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William A. Wellman
Edward G. Robinson,
While I enjoyed “The Mae West Glamour Collection” more than I expected to, I decided to leave her debut film for last, knowing that it wouldn’t be a typical vehicle of hers since she wasn’t the lead; I also figured it would be, as Leonard Maltin bluntly puts it, “a crashing bore”. However, I was quite surprised by how engaging and entertaining it all was – if, by no means, a classic. The film, in fact, is an agreeable blend of two styles that were en vogue during the early Talkie era: the sophisticated comedy-drama and the gangster picture, apart from also being adapted from a stage play (as were a good many movies back then).
The lead proper of the film is George Raft, who had just shot to stardom following his memorable supporting role in Howard Hawks’ SCARFACE (1932); of the stars associated with the heyday of the Gangster movie, Raft always seemed to me the most limited in range – but he does well enough here, flanked by his butler-cum-henchman Roscoe Karns (a mainstay of 1930s comedies). Watching this flick 75 years after it was made, I couldn’t help but wonder about all the gay subtexts today’s audiences would erroneously interpret in their “relationship” here!
Raft is the owner of a speakeasy who wants to improve himself for the sake of ‘mysterious’ socialite Constance Cummings (who, as it turns out, used to own the building) – despite being involved with at least two other women of lower standards (Wynne Gibson and Mae West); to do so, he engages the services of elderly teacher Alison Skipworth. Cummings (who’s adorable throughout – as had also been that same year in Harold Lloyd’s MOVIE CRAZY) incurs the wrath of jealous Gibson, who confronts her and Raft with a gun – a situation which Cummings finds exciting, drawing her nearer to Raft than she intended and deluding him into thinking that she has affections for him; of course, when he finds out that she had counted on marrying wealthy Louis Calhern all along, he gives up his cultured airs and withdraws his promise of selling the club to a rival! But during the ensuing mob fracas at Raft’s joint, Cummings realizes that she loves him after all...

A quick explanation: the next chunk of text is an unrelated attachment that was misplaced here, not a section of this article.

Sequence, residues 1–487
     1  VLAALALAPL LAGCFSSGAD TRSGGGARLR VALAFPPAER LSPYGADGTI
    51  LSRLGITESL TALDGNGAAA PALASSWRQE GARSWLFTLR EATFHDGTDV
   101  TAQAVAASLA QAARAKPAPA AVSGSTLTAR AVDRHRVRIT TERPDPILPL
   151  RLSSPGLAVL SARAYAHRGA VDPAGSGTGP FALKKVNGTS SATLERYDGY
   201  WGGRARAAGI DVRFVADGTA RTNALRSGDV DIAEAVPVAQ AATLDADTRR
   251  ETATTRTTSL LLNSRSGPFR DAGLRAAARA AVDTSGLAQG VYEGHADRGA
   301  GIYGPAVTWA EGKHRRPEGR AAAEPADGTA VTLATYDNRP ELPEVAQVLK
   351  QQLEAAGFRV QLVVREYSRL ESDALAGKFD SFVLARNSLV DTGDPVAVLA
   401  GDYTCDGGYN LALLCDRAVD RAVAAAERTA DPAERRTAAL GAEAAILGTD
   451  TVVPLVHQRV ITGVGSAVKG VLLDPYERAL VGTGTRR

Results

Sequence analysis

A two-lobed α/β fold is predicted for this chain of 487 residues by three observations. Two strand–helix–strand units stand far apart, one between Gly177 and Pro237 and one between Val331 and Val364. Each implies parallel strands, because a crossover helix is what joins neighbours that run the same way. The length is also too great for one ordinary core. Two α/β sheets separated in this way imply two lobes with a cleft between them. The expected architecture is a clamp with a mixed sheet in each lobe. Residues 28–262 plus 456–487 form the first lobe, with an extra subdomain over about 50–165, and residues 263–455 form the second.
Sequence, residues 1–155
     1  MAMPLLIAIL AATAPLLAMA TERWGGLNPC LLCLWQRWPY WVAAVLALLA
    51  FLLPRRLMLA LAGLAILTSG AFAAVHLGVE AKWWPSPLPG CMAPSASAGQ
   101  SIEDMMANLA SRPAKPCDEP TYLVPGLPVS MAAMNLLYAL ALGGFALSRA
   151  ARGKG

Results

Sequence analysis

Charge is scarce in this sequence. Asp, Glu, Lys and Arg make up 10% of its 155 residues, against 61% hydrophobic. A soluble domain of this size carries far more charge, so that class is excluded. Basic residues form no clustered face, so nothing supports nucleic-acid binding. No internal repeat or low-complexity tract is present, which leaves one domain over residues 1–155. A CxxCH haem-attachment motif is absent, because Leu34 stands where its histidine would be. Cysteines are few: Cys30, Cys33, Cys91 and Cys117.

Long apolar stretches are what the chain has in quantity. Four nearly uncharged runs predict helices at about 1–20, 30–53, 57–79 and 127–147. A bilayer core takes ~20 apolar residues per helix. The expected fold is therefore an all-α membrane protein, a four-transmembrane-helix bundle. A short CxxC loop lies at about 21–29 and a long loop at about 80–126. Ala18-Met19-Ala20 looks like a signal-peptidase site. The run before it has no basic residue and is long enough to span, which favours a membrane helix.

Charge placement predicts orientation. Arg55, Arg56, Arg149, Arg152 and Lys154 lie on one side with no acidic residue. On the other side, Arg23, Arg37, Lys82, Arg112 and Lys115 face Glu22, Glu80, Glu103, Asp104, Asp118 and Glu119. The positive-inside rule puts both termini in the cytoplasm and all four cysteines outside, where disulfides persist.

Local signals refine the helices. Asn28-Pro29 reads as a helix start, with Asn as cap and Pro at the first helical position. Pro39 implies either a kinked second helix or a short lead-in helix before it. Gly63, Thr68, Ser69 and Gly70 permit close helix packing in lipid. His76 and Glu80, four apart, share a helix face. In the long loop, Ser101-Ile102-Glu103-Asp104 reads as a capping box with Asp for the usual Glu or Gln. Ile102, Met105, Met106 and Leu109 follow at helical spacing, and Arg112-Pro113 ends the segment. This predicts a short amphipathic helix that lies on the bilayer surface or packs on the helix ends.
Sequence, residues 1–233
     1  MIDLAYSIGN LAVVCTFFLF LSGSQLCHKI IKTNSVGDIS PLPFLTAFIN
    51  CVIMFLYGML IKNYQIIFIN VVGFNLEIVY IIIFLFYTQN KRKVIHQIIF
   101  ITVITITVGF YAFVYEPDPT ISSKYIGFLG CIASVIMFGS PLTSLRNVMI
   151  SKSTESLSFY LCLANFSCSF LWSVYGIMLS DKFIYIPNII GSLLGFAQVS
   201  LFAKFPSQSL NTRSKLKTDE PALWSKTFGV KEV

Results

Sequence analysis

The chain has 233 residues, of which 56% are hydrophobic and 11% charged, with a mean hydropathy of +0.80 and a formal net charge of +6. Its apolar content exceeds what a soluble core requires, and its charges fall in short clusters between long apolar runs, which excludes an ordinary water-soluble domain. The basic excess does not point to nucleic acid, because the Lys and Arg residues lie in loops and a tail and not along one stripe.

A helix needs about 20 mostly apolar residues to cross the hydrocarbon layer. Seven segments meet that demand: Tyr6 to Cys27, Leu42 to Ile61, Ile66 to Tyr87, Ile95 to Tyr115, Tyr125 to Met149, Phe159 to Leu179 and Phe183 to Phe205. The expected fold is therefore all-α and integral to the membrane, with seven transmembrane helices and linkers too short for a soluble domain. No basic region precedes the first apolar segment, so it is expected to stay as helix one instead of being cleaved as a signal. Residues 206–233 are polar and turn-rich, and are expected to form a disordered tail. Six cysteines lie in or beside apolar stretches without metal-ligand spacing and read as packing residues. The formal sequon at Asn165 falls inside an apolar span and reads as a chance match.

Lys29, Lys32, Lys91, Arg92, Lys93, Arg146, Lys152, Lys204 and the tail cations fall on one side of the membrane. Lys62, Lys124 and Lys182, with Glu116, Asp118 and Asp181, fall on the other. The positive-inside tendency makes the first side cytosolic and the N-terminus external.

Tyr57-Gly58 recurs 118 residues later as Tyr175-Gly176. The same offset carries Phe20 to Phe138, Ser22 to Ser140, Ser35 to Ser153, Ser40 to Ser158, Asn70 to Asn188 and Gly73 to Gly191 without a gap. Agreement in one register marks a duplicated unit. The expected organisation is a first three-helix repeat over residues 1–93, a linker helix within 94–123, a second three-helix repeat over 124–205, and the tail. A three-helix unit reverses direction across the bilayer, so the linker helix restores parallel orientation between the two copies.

As I said, I found the film to be fairly interesting for several reasons: Mae West’s own role isn’t central to the main plot (in fact, she not only appears exactly at the midway point of the film but shares more scenes – and even a bed! – with Skipworth than she does with Raft himself), but her presence certainly boosts proceedings; already, she’s got her way with dialogue (and not just the famous “Goodness had nothing to do with it, dearie” line) but it also feels like she’s playing a real character in this case rather than just being her in-your-face ‘naughty’ self…and West’s figure is perhaps at its sexiest here with as racy a costume as Pre-Code Hollywood liberalism ever got!
It’s amusing to watch the accompanying trailer today – hyping Raft’s rising star power (even mentioning a couple of earlier films apart from SCARFACE, both of which are now completely forgotten), and how this was achieved largely through the clamor of the movie-going public, when NIGHT AFTER NIGHT’s greatest (single?) claim to fame nowadays is for having introduced Mae West to the silver screen!
Finally, I wonder whether Universal is planning to release a second set of her films (they own four of her remaining titles); THE HEAT’S ON (1943) is a Columbia picture but it has already been released by Universal on R2 as part of a 6-Disc Mae West Set which also includes the bulk of the as-yet-unavailable titles on R1 (plus a couple of overlaps)!
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